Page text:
Lamy added that his favorite part of the landscape is the garden bed surrounding the monument sign with all of the business plaques on it. This garden, he said, is more expansive than the others and acts as the focal point of the complex.

Although many of the original plantings were added 12 years ago, Lamy explained that the property has been maintained by Brian and Sons Lawn and Snow Removal for the past four years. He added that there are no specific plans for improvements, but the association has budgeted funds to maintain the gardens and switch out plants as needed.

In addition, there are two more buildings being built in the complex, and although they are not a part of the association, the owners of the new buildings have agreed to maintain the same look and character of the complex, according to Lamy.

“We certainly all enjoy the nice curb appeal, and we’ll continue to keep it up,” he added.


A two-time winner

Last year, the forest garden in the Oakdale Nature Preserve was awarded the Public Acorn Award, and this year the nature preserve was honored again — this time for a series of polyculture gardens located on either side of the Mud Lake boardwalk, the largest garden being located between the boardwalk and Castle School.

A polyculture garden features multiple, compatible plants in the same plot of land that benefit each other and mimic the biodiversity found in natural ecosytems.

Klein explained that the gardens that were recognized for the Acorn Award include linden, oak and river birch gardens with compatible and complementary plants in each.  

“This garden adds yet another superb feature to the 250 acre park. Thank you to the Oakdale Public Works Department and to the environmental services and forestry division for creating and maintaining this garden,” Reinke said.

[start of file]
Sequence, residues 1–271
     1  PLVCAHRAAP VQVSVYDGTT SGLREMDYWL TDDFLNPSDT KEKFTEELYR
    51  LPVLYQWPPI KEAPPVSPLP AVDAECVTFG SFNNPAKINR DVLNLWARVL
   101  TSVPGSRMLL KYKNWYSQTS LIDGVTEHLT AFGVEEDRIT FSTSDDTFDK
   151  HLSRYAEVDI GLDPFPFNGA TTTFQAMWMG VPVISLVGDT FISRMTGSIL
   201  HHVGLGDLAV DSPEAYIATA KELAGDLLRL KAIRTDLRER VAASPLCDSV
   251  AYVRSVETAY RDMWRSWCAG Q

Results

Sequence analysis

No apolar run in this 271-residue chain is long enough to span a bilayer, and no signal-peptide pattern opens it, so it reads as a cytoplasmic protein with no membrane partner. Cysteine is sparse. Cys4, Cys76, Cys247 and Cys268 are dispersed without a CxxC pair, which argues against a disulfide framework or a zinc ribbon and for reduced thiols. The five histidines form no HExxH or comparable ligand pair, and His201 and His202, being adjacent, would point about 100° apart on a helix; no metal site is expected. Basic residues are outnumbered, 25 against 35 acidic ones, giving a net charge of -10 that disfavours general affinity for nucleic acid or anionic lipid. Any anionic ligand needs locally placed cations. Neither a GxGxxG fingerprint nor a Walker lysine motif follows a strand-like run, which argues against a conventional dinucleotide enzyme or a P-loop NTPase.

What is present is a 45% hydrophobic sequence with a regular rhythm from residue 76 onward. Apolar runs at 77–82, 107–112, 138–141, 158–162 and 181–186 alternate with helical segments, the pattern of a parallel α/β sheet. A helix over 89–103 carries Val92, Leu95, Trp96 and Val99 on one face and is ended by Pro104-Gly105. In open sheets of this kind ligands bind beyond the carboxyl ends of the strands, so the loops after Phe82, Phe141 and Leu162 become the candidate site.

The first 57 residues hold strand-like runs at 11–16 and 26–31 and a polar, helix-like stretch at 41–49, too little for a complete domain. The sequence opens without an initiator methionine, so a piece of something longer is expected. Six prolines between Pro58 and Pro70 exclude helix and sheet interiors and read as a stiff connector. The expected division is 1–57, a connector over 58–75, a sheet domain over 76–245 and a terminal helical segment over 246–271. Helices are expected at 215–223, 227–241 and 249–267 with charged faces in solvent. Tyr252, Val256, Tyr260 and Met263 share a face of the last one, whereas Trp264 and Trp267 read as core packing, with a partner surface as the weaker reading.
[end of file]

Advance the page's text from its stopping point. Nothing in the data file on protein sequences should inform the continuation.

Public works superintendent Brian Bachmeier accepted the award on behalf of the former city forester, the forestry and environmental services crew and the public works crew.

“Without them it wouldn’t have been done. It was their vision, their inspiration, their sweat and equity that went into it, so they did a nice job,” Bachmeier said.

Former Oakdale City Forester Chris Larson designed these gardens, as well as the forest garden, to be regenerative and supportive of local fauna. He said in a recent interview that his favorite part of these polyculture gardens is the summer pollinator plantings such as linden, false spirea, butterfly weed and dwarf bush honeysuckle.

“These plantings were inspired by the need to support pollinators and the need for novel plantings that can thrive in wild settings,” Larson said.

He explained, each individual plant was selected based on its overall functionality, mutually beneficial partnerships, ability to support pollinators, general aesthetics and resistance to deer browse, and the garden locations were selected for their public visibility and because they were important areas for ecological restoration.

Although Larson designed the gardens, he said there were many helping hands. The gardens were planted by many community members including Oakdale Public Works staff, Oakdale Tree Board members, Washington County Master Gardeners, Oakdale-Maplewood Lions Club members, North High School students and others. The project was supported by the Washington Conservation District and the Valley Branch Watershed District.


More nominations needed

Klein said the Oakdale Garden Club members who judge the properties look at only the landscape that can be seen from the road.

“We want people to drive by and see the front. We don’t want people going back into people’s back yards,” Klein said.

She added that in addition to curb appeal, garden club members look at how pollinator friendly and wildlife friendly the properties are.

She also indicated that more nominations are always appreciated.

“There are a lot of [properties] in Oakdale that are absolutely stunning, but unless they are nominated, we can’t judge them,” she explained, adding that the nominations also have to come in on time.

This year there were 10 nominations over all the categories.

“When you look at these, you’ll typically have two [in each category] that pop out at you,” Klein said. “Once you go through that checklist, it’s a no-brainer.”

Nominations for the 2018 Acorn Awards are already being accepted. To nominate a neighbor, business, public space or even yourself, go to, click on the “Living Here” tab, and submit nominations on the “Acorn Award - Property Recognition” page.


Aundrea Kinney can be reached at 651-748-7822 or